In Croatia, incumbent President Stipe Mesic is expected to be re-elected Sunday in a runoff election against the country's deputy prime minister.

Opinion polls show that the 70-year old Stipe Mesic, full of vitality and sporting a trim grey beard, is the clear favorite of most Croatians to be re-elected for another five year term. He narrowly missed victory in a first round vote on January 2, and pollsters say he has a lead of more than 30 percentage points over his 51-year-old rival, Deputy Prime Minister Jadranka Kosor.

Commentators have described Mr. Mesic as the complete opposite of his predecessor, late nationalist president Franjo Tudjman, who was accused of ruling

Croatia with an iron fist during and after Croatia's wars for independence from Yugoslavia in the 1990's.

Mr. Mesic is supported by Croatia's three main center-left opposition parties. His rival, Ms. Kosor, is backed by the ruling Croatian Democratic Union, a conservative party founded by former president Tudjman that won a big victory in parliamentary elections last year. Analysts say part of Mr. Mesic's appeal to voters is that he will be a counterbalance to the government.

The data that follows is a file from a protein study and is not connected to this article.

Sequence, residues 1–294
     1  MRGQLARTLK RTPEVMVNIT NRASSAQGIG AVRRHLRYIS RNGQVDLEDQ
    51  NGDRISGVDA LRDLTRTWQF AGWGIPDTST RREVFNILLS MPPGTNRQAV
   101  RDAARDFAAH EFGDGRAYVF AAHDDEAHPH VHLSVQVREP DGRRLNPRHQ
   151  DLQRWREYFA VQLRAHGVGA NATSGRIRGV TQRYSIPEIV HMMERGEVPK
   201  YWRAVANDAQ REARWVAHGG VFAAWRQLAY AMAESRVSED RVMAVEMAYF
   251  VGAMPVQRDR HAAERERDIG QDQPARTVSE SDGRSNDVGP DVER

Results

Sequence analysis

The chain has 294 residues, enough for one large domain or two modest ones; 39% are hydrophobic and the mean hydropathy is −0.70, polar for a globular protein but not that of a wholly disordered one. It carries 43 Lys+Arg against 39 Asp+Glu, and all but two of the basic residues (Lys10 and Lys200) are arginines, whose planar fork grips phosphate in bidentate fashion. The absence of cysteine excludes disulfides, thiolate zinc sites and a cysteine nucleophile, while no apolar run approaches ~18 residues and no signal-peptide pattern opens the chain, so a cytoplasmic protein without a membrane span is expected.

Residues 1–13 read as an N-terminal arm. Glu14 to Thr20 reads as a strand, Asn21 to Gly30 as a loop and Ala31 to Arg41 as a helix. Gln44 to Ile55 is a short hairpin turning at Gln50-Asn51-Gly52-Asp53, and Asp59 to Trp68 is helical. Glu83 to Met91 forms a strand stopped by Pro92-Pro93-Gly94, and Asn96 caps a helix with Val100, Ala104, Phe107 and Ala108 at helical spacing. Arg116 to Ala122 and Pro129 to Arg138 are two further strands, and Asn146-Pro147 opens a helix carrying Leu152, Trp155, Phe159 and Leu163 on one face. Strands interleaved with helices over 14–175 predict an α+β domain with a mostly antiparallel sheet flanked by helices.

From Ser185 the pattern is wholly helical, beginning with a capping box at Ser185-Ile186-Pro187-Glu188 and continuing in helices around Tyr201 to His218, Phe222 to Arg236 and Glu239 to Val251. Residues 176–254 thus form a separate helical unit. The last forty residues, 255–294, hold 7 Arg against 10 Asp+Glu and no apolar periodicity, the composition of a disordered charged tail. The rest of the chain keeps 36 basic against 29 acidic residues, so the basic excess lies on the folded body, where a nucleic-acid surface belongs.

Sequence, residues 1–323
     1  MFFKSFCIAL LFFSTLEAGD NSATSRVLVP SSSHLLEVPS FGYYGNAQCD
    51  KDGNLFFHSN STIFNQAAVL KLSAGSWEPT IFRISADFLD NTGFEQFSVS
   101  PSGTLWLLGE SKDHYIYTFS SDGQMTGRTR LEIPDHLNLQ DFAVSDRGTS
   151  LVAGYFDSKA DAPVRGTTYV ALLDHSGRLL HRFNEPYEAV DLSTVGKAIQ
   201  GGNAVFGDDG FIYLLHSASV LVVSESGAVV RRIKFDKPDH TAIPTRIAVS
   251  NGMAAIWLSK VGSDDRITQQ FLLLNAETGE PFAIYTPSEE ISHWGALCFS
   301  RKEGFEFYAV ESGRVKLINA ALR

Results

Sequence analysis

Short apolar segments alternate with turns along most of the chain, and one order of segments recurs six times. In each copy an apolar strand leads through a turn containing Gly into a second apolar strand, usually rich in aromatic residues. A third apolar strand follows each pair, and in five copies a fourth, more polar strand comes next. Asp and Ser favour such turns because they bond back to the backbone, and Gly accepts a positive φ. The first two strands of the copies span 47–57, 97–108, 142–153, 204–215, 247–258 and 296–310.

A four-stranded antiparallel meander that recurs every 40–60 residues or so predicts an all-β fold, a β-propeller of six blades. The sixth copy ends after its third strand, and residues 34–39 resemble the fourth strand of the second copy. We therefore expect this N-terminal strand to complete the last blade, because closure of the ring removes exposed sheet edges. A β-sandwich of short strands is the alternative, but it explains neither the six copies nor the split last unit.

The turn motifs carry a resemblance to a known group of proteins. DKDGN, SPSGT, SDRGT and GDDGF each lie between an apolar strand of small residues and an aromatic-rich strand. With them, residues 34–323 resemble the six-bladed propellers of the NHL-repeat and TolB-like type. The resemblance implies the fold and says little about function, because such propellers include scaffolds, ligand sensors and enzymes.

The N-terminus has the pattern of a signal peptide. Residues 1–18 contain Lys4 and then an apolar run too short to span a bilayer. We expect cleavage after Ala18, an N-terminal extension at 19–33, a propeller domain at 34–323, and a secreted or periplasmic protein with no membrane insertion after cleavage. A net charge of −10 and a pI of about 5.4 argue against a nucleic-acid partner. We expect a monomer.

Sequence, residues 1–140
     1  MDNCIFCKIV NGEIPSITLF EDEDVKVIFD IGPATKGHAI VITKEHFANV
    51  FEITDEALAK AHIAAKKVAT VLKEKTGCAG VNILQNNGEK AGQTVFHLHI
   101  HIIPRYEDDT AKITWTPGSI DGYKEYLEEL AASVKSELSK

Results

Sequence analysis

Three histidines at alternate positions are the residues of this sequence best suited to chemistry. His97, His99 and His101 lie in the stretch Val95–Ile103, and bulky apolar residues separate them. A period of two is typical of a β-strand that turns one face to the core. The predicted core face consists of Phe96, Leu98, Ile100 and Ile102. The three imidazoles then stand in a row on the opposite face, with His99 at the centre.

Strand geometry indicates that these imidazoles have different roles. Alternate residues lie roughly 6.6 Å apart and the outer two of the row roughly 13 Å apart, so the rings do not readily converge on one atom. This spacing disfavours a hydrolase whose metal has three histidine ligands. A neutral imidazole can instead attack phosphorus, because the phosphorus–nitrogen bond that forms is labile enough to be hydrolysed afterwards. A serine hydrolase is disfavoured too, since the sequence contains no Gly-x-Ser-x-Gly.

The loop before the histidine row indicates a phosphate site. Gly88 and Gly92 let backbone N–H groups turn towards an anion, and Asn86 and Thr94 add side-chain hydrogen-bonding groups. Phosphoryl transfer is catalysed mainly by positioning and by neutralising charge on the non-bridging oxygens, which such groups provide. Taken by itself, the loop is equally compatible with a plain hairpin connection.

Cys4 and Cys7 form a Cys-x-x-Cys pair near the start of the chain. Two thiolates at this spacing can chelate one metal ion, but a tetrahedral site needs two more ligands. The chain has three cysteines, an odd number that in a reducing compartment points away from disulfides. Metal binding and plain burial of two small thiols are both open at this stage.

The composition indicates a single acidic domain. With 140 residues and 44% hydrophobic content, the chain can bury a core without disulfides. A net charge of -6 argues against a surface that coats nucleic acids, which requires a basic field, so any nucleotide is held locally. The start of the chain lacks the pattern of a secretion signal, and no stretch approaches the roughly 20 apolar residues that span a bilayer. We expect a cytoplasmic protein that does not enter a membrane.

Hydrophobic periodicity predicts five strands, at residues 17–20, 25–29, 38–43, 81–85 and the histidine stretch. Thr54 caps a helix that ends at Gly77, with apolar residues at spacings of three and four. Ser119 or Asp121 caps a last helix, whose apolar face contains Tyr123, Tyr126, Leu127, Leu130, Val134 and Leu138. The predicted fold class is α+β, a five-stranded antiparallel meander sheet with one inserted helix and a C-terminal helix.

Both presidential hopefuls strongly support membership in the European Union, but Mr. Mesic has been able to use his first term in office to win passage of reforms required for EU membership, including reducing the power of the presidency. Croatia is to start accession talks with the European Union in March, but these may present a problem for whoever wins the election.

Among conditions for EU membership is a demand that the former Yugoslav republic hands over key war crimes suspects to the United Nations War Crimes Tribunal in The Hague.

High on the U.N.'s most wanted list is the fugitive Croatian General Ante Gotovina, who has been accused of arranging the killing of at least 150 Serb civilians and the expulsion of an estimated 150,000 others after a government operation in 1995 to recapture territory held by Serbian fighters.

Mr. Mesic has promised to hand over General Gotovina to The Hague tribunal if he is found. However, the general remains a hero to many Croatians, and if he is captured, his transfer to the tribunal would make Mr. Mesic less popular among nationalists.

He also faces economic difficulties in a country where nearly one in five Croatians of working age is unemployed. Yet, Mr. Mesic has learned to deal with tension throughout his often turbulent years as a politician.

Thirteen years ago he was the last chairman of the former Yugoslav federation's collective presidency. Western diplomats believe Mr. Mesic can use these

political skills, and indeed crown his long political career, by leading now independent Croatia into the EU.